No, the reason op finds themselves in this position is because they listed on the incorrect asin
Most likely as it was selling for £12 on there as opposed to £6 on the correct listing and product cost op £4



If you sell or supply inauthentic products, we may immediately suspend or terminate your Amazon selling account (and any related accounts) and dispose of any inauthentic products in our fulfilment centres at your expense.

One of the policies you agree to when you sign up as a seller.


This is why I never do FBA. I sell products that I have made for me in the Far East, my designs, but they are sold on the net, and on here under my own brand name and marketing. If they asked me to present an invoice for them, the invoice would in no way match whats on the ‘listing’ as its from the factory I import from and the part number and description have no reference to my brand, or even a description.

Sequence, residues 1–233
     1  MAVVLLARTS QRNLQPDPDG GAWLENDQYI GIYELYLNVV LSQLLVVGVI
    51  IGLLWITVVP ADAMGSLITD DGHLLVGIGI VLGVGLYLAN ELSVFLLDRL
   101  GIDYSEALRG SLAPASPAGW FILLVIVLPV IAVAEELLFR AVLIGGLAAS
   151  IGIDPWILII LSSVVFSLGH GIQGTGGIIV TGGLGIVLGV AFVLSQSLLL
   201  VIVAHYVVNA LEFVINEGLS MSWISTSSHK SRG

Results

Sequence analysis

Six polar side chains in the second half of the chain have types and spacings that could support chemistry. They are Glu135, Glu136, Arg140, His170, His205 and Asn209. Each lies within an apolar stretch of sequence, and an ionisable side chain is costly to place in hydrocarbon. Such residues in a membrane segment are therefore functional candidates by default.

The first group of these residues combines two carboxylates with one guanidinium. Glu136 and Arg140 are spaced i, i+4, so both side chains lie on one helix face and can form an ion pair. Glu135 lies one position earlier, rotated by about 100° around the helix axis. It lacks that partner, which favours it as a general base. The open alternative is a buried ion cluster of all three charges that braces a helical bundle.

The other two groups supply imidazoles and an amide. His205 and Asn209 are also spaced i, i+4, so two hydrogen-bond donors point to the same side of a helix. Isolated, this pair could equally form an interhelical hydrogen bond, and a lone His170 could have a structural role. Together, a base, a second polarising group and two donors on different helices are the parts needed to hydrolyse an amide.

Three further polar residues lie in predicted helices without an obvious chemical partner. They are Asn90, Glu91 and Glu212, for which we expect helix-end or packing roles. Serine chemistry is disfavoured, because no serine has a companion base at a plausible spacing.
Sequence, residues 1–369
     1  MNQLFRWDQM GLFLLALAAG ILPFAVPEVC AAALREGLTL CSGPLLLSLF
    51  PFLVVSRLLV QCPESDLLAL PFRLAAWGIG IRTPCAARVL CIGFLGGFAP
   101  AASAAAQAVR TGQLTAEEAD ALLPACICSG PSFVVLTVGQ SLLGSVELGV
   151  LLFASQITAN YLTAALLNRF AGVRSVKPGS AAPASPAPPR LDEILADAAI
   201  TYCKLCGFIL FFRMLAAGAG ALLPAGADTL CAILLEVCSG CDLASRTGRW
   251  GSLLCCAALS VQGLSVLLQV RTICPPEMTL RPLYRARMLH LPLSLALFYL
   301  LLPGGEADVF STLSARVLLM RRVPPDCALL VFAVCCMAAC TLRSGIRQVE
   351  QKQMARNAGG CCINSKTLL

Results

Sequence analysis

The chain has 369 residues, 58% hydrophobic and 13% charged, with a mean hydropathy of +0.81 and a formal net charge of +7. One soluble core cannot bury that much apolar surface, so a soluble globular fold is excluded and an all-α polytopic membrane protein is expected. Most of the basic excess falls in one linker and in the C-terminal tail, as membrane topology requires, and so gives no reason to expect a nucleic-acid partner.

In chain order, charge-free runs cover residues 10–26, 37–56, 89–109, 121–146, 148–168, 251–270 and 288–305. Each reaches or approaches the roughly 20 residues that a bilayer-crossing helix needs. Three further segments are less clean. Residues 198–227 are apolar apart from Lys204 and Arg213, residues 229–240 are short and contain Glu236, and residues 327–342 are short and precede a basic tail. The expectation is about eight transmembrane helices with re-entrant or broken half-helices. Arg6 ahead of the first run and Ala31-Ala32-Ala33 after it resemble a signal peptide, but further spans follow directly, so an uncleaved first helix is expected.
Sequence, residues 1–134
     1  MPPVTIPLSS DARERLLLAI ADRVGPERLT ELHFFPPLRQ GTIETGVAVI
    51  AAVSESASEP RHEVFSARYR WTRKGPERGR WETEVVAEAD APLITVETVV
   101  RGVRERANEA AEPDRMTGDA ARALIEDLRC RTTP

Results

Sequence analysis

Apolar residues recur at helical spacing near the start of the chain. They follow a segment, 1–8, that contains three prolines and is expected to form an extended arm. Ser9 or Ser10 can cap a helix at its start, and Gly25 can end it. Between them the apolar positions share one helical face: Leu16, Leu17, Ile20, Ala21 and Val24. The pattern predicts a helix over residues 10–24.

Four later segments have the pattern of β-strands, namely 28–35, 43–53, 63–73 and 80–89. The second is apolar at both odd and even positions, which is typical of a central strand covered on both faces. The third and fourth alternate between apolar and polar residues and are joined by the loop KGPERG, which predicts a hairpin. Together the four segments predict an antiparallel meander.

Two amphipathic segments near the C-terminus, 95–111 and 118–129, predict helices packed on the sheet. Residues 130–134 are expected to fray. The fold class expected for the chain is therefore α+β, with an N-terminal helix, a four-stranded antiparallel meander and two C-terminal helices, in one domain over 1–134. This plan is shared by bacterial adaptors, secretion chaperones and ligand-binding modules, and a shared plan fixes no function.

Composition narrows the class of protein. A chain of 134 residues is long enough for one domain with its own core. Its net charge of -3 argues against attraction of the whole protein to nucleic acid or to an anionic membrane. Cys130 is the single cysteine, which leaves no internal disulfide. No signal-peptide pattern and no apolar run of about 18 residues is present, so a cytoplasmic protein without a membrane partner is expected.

In this case, if we take OP on face value the goods are authentic.

I restate the legal point that something that is incorrectly advertised is not by default inauthentic.

A red car company car incorrectly advertised as a blue car company car is still an authentic red car company car and that is the legal distinction between authenticity and an advertising problem.

As long as the OP’s goods are authentic to their actual identity and not counterfeit and they are legally owned by the OP then there is no legal basis to hold or destroy them regardless of what ASIN they were sent in under.